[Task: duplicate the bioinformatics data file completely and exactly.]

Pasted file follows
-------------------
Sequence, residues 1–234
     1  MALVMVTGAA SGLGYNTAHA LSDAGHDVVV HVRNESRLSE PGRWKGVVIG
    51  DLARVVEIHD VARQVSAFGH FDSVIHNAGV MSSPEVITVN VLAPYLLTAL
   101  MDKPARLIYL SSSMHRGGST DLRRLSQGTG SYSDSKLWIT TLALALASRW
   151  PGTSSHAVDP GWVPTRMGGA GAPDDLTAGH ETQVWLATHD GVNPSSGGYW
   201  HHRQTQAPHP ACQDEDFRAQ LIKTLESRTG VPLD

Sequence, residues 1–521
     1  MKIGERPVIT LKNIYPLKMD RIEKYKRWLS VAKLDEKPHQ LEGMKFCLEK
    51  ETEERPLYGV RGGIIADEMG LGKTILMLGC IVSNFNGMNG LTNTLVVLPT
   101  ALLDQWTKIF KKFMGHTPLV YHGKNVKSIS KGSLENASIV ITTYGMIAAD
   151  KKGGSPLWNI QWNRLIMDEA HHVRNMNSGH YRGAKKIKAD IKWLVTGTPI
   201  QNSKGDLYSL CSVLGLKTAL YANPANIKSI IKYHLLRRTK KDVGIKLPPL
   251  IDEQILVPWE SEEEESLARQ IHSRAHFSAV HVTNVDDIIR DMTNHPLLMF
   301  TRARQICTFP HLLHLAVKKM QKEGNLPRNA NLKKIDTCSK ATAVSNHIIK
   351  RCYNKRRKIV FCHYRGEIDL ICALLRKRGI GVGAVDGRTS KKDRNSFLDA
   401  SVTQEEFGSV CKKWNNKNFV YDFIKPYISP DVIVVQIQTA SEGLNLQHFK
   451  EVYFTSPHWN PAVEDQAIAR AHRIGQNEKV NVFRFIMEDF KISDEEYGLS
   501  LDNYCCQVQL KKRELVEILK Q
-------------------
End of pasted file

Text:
Sequence, residues 1–234
     1  MALVMVTGAA SGLGYNTAHA LSDAGHDVVV HVRNESRLSE PGRWKGVVIG
    51  DLARVVEIHD VARQVSAFGH FDSVIHNAGV MSSPEVITVN VLAPYLLTAL
   101  MDKPARLIYL SSSMHRGGST DLRRLSQGTG SYSDSKLWIT TLALALASRW
   151  PGTSSHAVDP GWVPTRMGGA GAPDDLTAGH ETQVWLATHD GVNPSSGGYW
   201  HHRQTQAPHP ACQDEDFRAQ LIKTLESRTG VPLD

Sequence, residues 1–521
     1  MKIGERPVIT LKNIYPLKMD RIEKYKRWLS VAKLDEKPHQ LEGMKFCLEK
    51  ETEERPLYGV RGGIIADEMG LGKTILMLGC IVSNFNGMNG LTNTLVVLPT
   101  ALLDQWTKIF KKFMGHTPLV YHGKNVKSIS KGSLENASIV ITTYGMIAAD
   151  KKGGSPLWNI QWNRLIMDEA HHVRNMNSGH YRGAKKIKAD IKWLVTGTPI
   201  QNSKGDLYSL CSVLGLKTAL YANPANIKSI IKYHLLRRTK KDVGIKLPPL
   251  IDEQILVPWE SEEEESLARQ IHSRAHFSAV HVTNVDDIIR DMTNHPLLMF
   301  TRARQICTFP HLLHLAVKKM QKEGNLPRNA NLKKIDTCSK ATAVSNHIIK
   351  RCYNKRRKIV FCHYRGEIDL ICALLRKRGI GVGAVDGRTS KKDRNSFLDA
   401  SVTQEEFGSV CKKWNNKNFV YDFIKPYISP DVIVVQIQTA SEGLNLQHFK
   451  EVYFTSPHWN PAVEDQAIAR AHRIGQNEKV NVFRFIMEDF KISDEEYGLS
   501  LDNYCCQVQL KKRELVEILK Q